First thing was to follow the instructions on the boarding pass – the “you must get your boarding pass stamped at the bag drop / visa check desk” it said. So, we stood for half an hour in the bag drop line, just as we had done in Stansted. However this time, once we finally got to the front of the queue that we had been waiting all that time in the wrong place. “You need to go to the office over there” she said. “But it says here that we must go to the bag drop – is this not the bag drop?” I said, and pointed to those exact words on the boarding pass. She was having none of it.

So, begrudgingly, we went and stood in the other queue. By this time it was 8:30pm and the gate closed at 8:45pm. This time, the queue was not long, but there was only one woman serving, and she looked very stressed out. She was on the phone helping a customer and the queue wasn’t moving anywhere. Lots of very anxious-looking people started to form behind us, who were presumably waiting for the same thing.

I started getting very edgy at this point, and so were lots of other people – they were queue jumping and going straight to the window to try and get stamps. It got to the point where Pablo and I positioned ourselves and our bags so that nobody could get past until we were served.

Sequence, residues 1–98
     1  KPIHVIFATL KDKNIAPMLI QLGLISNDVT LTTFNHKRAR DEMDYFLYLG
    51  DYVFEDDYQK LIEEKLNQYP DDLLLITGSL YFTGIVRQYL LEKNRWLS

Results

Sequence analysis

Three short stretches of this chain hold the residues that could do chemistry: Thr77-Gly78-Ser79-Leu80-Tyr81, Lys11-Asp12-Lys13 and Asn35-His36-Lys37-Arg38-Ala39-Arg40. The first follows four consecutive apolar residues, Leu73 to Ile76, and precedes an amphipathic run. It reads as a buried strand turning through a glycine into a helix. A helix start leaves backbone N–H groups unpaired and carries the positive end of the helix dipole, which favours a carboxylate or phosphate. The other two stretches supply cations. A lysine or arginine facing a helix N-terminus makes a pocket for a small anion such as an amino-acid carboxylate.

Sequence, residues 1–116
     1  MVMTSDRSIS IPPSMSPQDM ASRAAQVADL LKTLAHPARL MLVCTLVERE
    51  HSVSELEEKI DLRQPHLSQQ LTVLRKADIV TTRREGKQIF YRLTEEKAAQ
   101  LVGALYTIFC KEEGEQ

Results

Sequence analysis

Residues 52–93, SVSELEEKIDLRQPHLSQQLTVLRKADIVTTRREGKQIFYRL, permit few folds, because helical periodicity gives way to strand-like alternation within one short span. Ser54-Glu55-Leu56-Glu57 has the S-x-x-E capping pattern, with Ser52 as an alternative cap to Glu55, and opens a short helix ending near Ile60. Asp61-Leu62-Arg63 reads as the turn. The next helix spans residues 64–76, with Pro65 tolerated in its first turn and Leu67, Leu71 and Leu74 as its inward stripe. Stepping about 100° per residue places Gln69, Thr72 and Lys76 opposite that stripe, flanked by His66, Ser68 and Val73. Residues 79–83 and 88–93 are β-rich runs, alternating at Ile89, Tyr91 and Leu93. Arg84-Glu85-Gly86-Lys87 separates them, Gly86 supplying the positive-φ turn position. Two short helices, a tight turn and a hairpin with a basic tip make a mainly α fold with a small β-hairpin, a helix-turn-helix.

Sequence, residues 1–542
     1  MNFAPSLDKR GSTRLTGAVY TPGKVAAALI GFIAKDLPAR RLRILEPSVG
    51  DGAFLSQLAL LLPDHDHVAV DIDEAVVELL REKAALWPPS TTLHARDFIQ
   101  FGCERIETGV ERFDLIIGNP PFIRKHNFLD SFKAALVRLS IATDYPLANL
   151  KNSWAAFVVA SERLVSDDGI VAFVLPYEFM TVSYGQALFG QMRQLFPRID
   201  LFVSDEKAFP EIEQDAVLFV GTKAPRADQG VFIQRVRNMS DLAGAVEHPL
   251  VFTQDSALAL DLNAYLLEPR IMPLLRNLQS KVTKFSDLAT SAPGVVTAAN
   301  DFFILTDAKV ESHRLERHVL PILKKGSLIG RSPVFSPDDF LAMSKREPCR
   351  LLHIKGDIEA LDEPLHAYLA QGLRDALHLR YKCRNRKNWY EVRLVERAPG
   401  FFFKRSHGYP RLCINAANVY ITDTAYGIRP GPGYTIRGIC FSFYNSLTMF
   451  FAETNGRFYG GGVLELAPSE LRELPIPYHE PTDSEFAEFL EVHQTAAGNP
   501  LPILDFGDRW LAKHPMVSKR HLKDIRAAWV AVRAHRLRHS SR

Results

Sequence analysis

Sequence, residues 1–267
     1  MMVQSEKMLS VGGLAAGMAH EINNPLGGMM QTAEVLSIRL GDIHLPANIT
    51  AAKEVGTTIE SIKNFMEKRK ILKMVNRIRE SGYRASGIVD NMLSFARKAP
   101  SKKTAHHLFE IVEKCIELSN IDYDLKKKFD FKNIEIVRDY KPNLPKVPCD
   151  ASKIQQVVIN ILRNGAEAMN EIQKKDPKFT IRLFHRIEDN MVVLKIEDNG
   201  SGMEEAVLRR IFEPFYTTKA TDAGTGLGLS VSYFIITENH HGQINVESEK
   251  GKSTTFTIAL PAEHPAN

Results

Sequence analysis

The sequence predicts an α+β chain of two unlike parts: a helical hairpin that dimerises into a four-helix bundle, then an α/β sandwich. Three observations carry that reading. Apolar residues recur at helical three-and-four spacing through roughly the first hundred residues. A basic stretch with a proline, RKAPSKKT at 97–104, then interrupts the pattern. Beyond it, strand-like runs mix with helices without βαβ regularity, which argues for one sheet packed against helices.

After clearing security, we got to the gate at about 8:42pm, and we saw a tremendous line. It turned out that everyone had to go through outgoing passport control, and it seemed like there were no agents at the passport desks. We weren’t too worried because we had it confirmed to us twice that this was the queue for Stansted, and so at least we were as close as possible to the gate.

However again, this is RyanAir we are talking about, who play by their own rules, and who were reported in the media as having refused people from their flights for being late after whatever airport it was had been evacuated after a fire alarm.

And lo and behold, who should join us in the line but the guy we talked to in the line at Stansted – the one who asked me if it were true that you had to stand in the aisles. He was very very nervous, and kept asking me questions that I had no way of knowing – such as “what do you think the chances are of us making this flight” and “why is the line not moving”? It was quite a stressful time. But everyone did get on the flight in the end.

On the flight, people had landing cards (required by non-EU citizens). Nobody had offered me one, so I pressed the call button and asked for one. “Later!” I was told sharply. When later arrived, they started handing them out but then they ran out of cards and I didn’t get one.